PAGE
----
A Garden City woman who was convicted last week of child abuse involving her young special needs son after accepting a plea agreement, was called to testify Monday in Finney County District Court in the trial of a Garden City man also charged with abuse of the same child.
Assistant Finney County Attorney Tamara Hicks and defense attorney Cheryl Stewart gave opening statements Monday in the trial of Elias Allen, 32, and examined the first witness, Kiala Pollman, 27, who was charged with child abuse of her young special needs son alongside Allen.
The two were arrested in August on allegations of second-degree murder, charges that later were reduced to child abuse. Police said the couple neglected the child, resulting in extreme malnourishment and dehydration.
Judge Ricklin Pierce told jurors that to establish a guilty verdict for child abuse, the state must prove Allen “knowingly” tortured the child in question between October 2015 and September 2016. For the purposes of the case, torture is “to inflict intense pain to body or mind for the purpose of punishment.”
Allen faces an alternative charge of aggravated endangerment of a child, where the state must prove he “recklessly” caused or permitted the child to be placed in a situation in which the child’s “life, body or health was in danger.”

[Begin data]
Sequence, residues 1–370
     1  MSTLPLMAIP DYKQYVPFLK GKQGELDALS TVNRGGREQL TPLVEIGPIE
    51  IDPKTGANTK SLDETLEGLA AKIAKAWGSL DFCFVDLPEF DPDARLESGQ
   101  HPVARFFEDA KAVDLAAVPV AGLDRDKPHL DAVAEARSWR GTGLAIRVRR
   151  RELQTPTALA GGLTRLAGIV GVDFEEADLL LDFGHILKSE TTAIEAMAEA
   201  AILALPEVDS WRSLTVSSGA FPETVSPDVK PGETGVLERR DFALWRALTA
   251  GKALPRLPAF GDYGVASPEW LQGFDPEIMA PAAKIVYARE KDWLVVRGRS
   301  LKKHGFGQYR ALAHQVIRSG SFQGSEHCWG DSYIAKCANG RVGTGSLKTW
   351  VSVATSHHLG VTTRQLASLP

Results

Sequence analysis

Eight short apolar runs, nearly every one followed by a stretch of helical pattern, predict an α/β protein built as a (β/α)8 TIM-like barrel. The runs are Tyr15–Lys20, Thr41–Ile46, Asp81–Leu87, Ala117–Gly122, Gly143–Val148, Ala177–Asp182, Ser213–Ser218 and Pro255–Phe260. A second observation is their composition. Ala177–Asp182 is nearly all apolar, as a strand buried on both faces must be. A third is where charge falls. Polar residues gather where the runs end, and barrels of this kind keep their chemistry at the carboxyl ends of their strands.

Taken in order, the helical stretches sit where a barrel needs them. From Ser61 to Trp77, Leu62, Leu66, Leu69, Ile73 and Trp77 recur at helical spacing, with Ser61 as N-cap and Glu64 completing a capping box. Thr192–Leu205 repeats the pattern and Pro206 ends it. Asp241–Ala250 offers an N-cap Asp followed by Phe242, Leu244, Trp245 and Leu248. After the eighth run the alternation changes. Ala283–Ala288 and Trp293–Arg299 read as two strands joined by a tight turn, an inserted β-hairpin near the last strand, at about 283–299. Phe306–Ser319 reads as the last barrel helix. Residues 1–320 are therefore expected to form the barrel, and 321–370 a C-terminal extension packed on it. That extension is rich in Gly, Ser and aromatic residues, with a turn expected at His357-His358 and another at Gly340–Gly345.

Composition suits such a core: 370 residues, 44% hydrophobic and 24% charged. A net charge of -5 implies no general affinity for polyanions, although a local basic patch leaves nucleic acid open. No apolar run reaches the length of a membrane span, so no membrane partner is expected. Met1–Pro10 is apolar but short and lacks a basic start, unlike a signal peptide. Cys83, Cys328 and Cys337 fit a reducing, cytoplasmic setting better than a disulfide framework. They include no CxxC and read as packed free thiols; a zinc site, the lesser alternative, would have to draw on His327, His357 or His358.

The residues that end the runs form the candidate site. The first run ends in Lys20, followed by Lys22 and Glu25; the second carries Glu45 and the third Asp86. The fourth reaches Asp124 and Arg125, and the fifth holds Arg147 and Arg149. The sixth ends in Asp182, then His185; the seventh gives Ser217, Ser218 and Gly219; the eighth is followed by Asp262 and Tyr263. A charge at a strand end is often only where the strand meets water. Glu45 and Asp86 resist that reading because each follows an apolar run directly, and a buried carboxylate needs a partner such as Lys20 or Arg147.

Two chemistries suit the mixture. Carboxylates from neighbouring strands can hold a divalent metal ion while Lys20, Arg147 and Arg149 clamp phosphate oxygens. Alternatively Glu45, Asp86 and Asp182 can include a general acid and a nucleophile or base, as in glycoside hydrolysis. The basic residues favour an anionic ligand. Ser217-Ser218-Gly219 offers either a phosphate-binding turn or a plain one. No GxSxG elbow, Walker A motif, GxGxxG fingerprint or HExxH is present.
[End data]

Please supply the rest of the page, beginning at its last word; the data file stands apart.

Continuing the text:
During her opening statement, Hicks informed jurors that the child was born in August 2014 in Garden City with Down syndrome before being transported to Children’s Mercy Hospital (CMH) in Kansas City to be seen at a Down syndrome clinic, where Pollman was provided information relevant to the proper care of the child. The child’s father, Hicks said, was not a part of his life when he was born.
Doctors at CMH determined the child had a feeding issue and placed a feeding tube in his stomach, Hicks said, before advising Pollman and Allen that the child “should only receive nutrients through the tube and not by mouth because he was not able to swallow the food."
Hicks said the child had been going to CMH for seven months, during which time he was “growing and he was getting the nutrients he needed through the feeding tube."
She said the child was to continue seeing CMH specialists, but that the child was last taken to the hospital while in Pollman’s care in March 2015 before being admitted to the hospital in September 2016. Hicks added that the child had not seen his “regular” doctor for approximately 10 months, during which time the child was being fed by mouth.
When the child was admitted to CMH in September 2016, Hicks said, he weighed “slightly over 10 pounds” at 2 years old.
“The doctor from Kansas City will tell you that the weight of the child and the fact that he was not getting the proper nutrients caused him to be in a life-threatening situation,” Hicks said, adding that the child was living with Pollman and Allen during the period when he was not being taken to see doctors as instructed.
Stewart said she wasn’t sure how to characterize the child’s relation to Allen, given that Allen was not married to Pollman and is not the child’s biological father. Hicks used Pollman's testimony to articulate that Allen fathered four of Pollman's five children over the course of five years. Two were adopted out. Allen is accused of abusing the child he didn’t father.